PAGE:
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shameless pleading







Dear Word Detective: In one of your columns recently, you were discussing the origin of the word “landscape” and made a reference to how “scape” has been appended to words to mean looking at, etc., as in seascape, or Netscape (ha!). This reminded me of a discussion I had with a friend of mine about how “thon” is appended to a lot of words, to mean something long or a race of sorts, as in “phone-a-thon” or “telethon.” My friend asserted that these words derived from the erroneous assumption that the “thon” in the word “marathon” meant something. He then pointed out that the same thing has happened with “holic,” from alcoholic, and now we have chocoholics, workaholics, and the like. First I would like to know if my friend is correct about these two examples, and then I would like to ask if there is a term that explains this phenomena. I see it happening now with “palooza” — because of the successful series of rock music festivals called “Lollapalooza,” everything is now “something-a-palooza.” Can you help? — Kris Markman.

Run for your lives — it’s the Invasion of the Cookie-Cutter Suffixes! Your friend is absolutely right about the “thon” phenomenon. Here we are, up to our necks in walkathons and bikeathons and dog-frisbee-catch-a-thons, but “thon” by itself really doesn’t mean a darn thing. All these formations have been based on the word “marathon,” meaning a 26-mile foot race. But the original Marathon wasn’t a thing — it was a place in Ancient Greece where the Greeks defeated the Persians in an important battle in 490 B.C. It was the heroic effort of Pheidippedes, the Greek messenger who ran the 26 miles between Marathon and Athens carrying the news of the victory that gave the name “marathon” to a long race or ordeal.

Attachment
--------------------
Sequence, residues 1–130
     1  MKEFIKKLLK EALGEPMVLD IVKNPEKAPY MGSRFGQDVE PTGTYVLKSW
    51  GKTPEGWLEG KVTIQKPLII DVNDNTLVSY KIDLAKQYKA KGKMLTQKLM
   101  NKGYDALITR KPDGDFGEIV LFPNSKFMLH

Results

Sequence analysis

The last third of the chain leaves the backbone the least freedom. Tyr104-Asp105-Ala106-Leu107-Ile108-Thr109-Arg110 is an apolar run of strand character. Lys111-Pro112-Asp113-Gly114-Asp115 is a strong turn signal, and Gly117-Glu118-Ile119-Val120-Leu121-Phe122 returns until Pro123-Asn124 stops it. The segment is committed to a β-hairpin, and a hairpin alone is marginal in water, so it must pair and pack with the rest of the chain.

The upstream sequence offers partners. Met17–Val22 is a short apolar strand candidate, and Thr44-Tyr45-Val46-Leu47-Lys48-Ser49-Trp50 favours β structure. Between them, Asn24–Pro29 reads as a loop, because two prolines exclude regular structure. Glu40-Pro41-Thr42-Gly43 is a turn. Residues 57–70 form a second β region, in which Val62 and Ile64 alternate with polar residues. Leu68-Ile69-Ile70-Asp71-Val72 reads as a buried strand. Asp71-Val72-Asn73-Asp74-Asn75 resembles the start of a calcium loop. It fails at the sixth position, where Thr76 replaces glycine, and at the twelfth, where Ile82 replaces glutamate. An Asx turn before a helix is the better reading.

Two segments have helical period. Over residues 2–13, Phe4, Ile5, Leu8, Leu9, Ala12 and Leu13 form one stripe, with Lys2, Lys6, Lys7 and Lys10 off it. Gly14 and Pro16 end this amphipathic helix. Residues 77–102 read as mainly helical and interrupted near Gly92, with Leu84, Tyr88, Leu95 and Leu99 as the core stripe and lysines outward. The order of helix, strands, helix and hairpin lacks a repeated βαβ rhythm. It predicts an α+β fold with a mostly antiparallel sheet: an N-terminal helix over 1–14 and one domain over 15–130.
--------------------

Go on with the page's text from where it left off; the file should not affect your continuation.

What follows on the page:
Offhand, I can’t think of a general term for this linguistic phenomenon, but it seems to have started with “telethon,” which dates all the way back to the dawn of television itself in the late 1940’s. Personally, I’d put up with a hundred more “thons” if we could just lose “gate,” as in “Troopergate” and “Filegate,” to name just two recent examples. There have, of course, been dozens of such “gates” inflicted on us over the years since the Watergate scandal by the “gate-aholic” media, with no end in sight. Perhaps we should just give up and call the whole phenomenon “gate-a-thon.”

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